Malignant lesions of the spine include leukemia, metastatic lesions, and primary malignant tumors such as Ewing sarcoma and osteogenic sarcoma. Metastatic lesions are more common than primary tumors (3). Ewing sarcoma is the most common malignant spine tumor and often involves the pelvis, with sacral involvement being associated with lumbar back pain (3). Spinal cord lesions are rare and usually associated with worsening gait and bowel and bladder symptoms. Isolated back pain is a well-documented but rare presentation of leukemia (13).
A previously healthy 12-year-old boy who plays recreational baseball is referred to the Department of Orthopedics by his primary care physician for a 2-month history of lumbar and lower thoracic back pain and “muscle spasms.” The pain involves the midline and adjacent paraspinal areas of the lower thoracic and lumbar back. He describes the pain as sharp, episodic, and radiating to the calves bilaterally. Episodes occur sporadically and last only a few minutes. He reports that sometimes the pain is associated with running. It sometimes is relieved with stretching. Initially the pain only occurred about twice a week, but now, the episodes happen daily. Pain can be with activity or at rest. He is pain free and functions normally between the painful episodes.
There is no history of trauma or injury. He denies lower extremity numbness, tingling, and weakness. He has no bowel or bladder dysfunction. He has no fevers, painful nocturnal awakenings, or morning stiffness. There is no reported fatigue, pallor, or frequent infections. He has no allergies and takes no medications.
Family history is negative for autoimmune arthritis or back problems including disc disease. Of note, his father died from a myocardial infarction at the age of 32 years.
Well-developed male in no distress.
Vital signs: T, 37°C; Ht, 59 inches (50th percentile); Wt, 56 kg (90th percentile). Pain score: 0.
Head eyes ears nose throat: pupils equal round, reactive to light, no icterus, no lymphadenopathy.
Spine: full Cervical ROM without pain, normal contour, no cutaneous abnormalities. Adam’s forward bend test: no pain, no rib hump. No pain with side bending, rotation, or hyperextension.
The iliac crest is mildly tender to palpation bilaterally. There is full, pain-free range of motion at the hips, including internal or external rotation.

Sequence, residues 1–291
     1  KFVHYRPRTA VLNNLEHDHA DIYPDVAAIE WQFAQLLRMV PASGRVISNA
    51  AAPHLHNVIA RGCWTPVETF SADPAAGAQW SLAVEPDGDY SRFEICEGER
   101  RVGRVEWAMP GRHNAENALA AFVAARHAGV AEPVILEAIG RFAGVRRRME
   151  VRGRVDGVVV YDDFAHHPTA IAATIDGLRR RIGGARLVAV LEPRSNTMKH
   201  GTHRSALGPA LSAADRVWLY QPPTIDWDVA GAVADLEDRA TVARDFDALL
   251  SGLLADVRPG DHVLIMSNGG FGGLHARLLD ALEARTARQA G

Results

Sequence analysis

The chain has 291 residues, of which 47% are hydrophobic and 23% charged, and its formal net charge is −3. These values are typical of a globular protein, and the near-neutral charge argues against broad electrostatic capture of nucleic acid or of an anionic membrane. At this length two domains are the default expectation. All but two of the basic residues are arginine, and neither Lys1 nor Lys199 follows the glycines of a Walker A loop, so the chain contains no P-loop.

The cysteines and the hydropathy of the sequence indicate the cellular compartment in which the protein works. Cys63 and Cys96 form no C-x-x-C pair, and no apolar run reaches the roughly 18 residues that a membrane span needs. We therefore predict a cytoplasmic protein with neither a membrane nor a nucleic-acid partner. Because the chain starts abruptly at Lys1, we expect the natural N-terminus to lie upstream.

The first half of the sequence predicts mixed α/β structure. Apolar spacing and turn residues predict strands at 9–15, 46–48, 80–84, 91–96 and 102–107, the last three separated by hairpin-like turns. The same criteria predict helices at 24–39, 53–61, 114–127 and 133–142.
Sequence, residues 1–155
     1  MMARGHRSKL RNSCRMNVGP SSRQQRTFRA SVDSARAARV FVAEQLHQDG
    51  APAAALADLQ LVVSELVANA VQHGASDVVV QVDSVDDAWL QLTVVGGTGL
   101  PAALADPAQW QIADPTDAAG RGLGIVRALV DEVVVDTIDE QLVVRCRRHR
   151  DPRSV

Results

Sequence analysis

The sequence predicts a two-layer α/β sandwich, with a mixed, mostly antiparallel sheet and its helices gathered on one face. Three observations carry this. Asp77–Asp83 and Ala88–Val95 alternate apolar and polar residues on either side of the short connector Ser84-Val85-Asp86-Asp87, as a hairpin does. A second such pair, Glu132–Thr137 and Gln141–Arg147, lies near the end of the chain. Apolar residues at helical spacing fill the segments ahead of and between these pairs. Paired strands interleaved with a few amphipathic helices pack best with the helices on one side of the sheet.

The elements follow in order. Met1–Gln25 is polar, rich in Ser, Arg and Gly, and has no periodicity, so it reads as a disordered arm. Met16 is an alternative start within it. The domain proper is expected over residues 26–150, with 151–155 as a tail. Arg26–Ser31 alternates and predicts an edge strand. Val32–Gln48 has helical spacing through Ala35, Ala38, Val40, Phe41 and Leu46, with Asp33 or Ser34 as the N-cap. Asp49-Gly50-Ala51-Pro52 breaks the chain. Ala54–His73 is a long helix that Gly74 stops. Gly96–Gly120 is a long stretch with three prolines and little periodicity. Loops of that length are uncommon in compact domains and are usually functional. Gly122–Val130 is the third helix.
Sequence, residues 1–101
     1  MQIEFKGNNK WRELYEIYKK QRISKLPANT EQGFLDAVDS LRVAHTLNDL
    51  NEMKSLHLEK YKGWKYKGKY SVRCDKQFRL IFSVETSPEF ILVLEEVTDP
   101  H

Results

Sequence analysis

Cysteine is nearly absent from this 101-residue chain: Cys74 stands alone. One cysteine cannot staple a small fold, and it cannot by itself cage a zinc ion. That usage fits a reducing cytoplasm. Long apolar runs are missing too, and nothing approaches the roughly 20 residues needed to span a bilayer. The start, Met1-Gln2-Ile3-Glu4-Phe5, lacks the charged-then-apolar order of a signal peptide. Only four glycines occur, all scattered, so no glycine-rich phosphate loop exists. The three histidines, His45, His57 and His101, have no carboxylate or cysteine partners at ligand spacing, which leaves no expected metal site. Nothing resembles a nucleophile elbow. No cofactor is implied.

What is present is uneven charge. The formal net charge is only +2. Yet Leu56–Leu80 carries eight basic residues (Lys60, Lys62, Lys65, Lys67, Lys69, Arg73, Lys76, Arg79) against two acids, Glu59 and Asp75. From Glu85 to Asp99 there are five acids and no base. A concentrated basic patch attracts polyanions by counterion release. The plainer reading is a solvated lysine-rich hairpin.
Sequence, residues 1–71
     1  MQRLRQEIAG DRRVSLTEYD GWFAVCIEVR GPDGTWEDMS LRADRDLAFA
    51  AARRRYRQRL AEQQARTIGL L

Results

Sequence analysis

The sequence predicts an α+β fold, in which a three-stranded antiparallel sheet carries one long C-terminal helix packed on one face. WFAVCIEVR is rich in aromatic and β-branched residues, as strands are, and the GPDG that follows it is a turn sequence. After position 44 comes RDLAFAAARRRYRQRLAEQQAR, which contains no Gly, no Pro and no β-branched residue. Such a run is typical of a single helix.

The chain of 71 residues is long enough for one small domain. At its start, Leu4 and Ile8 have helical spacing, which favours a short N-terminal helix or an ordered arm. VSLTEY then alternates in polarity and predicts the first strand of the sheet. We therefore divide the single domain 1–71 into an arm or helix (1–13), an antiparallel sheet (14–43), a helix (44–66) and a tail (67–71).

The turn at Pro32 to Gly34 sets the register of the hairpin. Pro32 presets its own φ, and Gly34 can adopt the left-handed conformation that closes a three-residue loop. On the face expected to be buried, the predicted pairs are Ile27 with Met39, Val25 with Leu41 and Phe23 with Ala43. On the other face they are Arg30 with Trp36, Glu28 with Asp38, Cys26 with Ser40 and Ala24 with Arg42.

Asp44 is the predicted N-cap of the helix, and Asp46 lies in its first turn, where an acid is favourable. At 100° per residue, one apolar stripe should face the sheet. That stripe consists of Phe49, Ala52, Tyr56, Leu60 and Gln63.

Strength is 5/5 and pain free upon resisted testing of the muscles about the hips and pelvis, but he is unable to hold a standard plank.
Thomas test is positive bilaterally.
Popliteal angle compliment is 45 degrees bilaterally.
Straight leg raise is negative.
Single-leg hop does not cause pain.
Deep tendon reflexes at the patellae and Achilles are normal.
He has normal, symmetric strength in the lower extremities with no atrophy.
He has normal light touch sensation and no clonus. His gait is normal.
- Muscle spasm
- Lumbar musculature strain
- Iliac crest apophysitis
Plain radiographs of the lumbar spine (Figs. 1, 2) are performed in the office on the day of presentation. Imaging is done to evaluate for possible spondylolisthesis or other conditions that potentially would cause lumbar muscle pain or spasms. These images are normal.
The initial presentation of deficits in core strength and flexibility (tight hamstrings, iliopsoas muscles), along with mild iliac crest tenderness and normal radiographs, is consistent with a muscular etiology of lumbar back pain and associated muscle spasm. There are no red flags of nocturnal pain, unexplained constitutional symptoms (fevers, poor appetite, weight loss, fatigue/lack of energy) or physical examination findings to suggest additional imaging is needed. He is prescribed physical therapy to address the biomechanical deficits found on the examination. The plan is for follow-up after 4 wk of therapy if the pain persists or sooner if symptoms become worse.
Three weeks after the initial visit, his mother calls with new concerns. There have been no interim injuries, but the painful episodes are more frequent, now up to three times a day despite physical therapy. The intensity of the pain has increased as well, with pain severe enough to “bring him to his knees.” His mother also reports that he has developed an intermittent rash this week that “looks like hives” and one episode of low-grade fever (100.5°F).